If you're an adult over the age of 50 who has suddenly developed a pervasive sense of dizziness, there's about a 50% possibility that the problem is a condition called benign paroxysmal positional vertigo. Learn more about how this condition happens–and the surprising ability of some simple physical therapy procedures that can help it.
What is benign paroxysmal positional vertigo?
Benign paroxysmal positional vertigo, or BPPV, is essentially caused by small crystals of calcium carbonate, called otoconia. These crystals actually serve the purpose of helping signal your brain to guide your sense of up and down. However, when they migrate from their normal location inside the utricle of the ear to another part of the inner ear canals, your brain begins to get confused signals. That triggers your dizziness.
These small crystals can end up out of place as the result of head injuries, inflammatory viruses, and age-related degeneration of the vestibular system. Some people have even experienced the condition after being under general anesthesia for surgery. In many cases, the trigger for the disorder is simply unknown.
While the condition isn't fatal, the symptoms can be highly unpleasant–sufferers can have dizzy spells that are provoked simply by the turn of their head. It can affect your vision, making it impossible for you to keep a steady focus with your eyes. The dizzy spells can also cause nausea, vomiting, and fatigue. Chronic sufferers can also experience depression and anxiety, especially since they never know when a dizzy spell might strike.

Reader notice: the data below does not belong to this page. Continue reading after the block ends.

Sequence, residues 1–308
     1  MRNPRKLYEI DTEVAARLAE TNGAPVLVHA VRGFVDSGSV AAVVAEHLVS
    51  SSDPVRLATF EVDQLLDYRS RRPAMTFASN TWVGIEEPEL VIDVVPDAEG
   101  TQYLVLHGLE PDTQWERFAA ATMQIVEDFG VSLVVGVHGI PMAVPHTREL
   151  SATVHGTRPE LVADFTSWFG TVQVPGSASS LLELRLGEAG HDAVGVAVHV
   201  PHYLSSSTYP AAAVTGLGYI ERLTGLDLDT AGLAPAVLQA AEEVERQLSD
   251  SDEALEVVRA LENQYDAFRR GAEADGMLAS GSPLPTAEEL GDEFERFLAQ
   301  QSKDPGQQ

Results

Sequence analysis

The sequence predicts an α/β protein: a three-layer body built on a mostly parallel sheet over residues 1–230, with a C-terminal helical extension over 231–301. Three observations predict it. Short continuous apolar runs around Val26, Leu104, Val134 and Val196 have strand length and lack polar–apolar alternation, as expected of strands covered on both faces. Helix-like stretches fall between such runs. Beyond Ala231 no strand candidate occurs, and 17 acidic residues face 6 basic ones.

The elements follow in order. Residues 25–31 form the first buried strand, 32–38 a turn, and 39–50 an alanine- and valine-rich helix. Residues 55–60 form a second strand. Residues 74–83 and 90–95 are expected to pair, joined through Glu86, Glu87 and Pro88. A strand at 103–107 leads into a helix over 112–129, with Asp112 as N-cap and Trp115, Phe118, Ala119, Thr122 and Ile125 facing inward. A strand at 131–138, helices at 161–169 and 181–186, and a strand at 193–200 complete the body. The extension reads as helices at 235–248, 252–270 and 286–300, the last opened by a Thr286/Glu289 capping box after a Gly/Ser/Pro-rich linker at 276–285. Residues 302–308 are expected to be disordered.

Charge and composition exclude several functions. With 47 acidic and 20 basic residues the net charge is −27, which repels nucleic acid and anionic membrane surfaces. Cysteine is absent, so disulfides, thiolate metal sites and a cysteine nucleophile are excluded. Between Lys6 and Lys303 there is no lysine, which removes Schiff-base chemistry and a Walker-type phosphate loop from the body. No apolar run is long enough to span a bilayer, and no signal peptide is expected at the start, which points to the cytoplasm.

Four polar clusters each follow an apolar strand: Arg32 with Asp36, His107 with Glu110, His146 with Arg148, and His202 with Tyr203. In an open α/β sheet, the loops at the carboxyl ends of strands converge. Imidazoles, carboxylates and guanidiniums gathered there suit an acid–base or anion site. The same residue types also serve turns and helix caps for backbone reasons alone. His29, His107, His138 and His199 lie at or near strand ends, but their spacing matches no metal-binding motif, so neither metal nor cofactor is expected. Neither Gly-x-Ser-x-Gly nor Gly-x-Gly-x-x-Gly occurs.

How can physical therapy help patients with BPPV?
There are 2 specialized forms of physical therapy designed to deal with BPPV, called the Epley and Semont maneuvers. Of the two, the Epley maneuver is generally more successful. Either procedure can be accomplished within one 10-15 minute session. The goal of the maneuvers is to move the calcium crystals out of the ear canal and back into the utricle where they belong. You may even be taught how to perform the maneuvers on your own or with someone's help, in case the condition reoccurs.
A second type of physical therapy is done in-home, and it's designed to teach your brain to adapt to the faulty message system that is causing the dizziness. This type of therapy might be used if the Epley and Semont maneuvers don't fully relieve your symptoms or if the BPPV reoccurs frequently. The include simple physical exercises (like jumping and turning in circles) and visual exercises (like keeping your eyes focused on a specific target while moving your head from side to side). This type of therapy can take anywhere from 6 weeks to 18 months to complete.
Chronic dizziness from BPPV is a condition that is often treatable with the right therapy. If you're suffering from dizzy spells, there's a good chance that BPPV is the culprit. It's a condition that's often treatable with physical therapy, so talk with your doctor today. Contact a professional, such as one from Urban Wellness Clinic PC, for further assistance.Share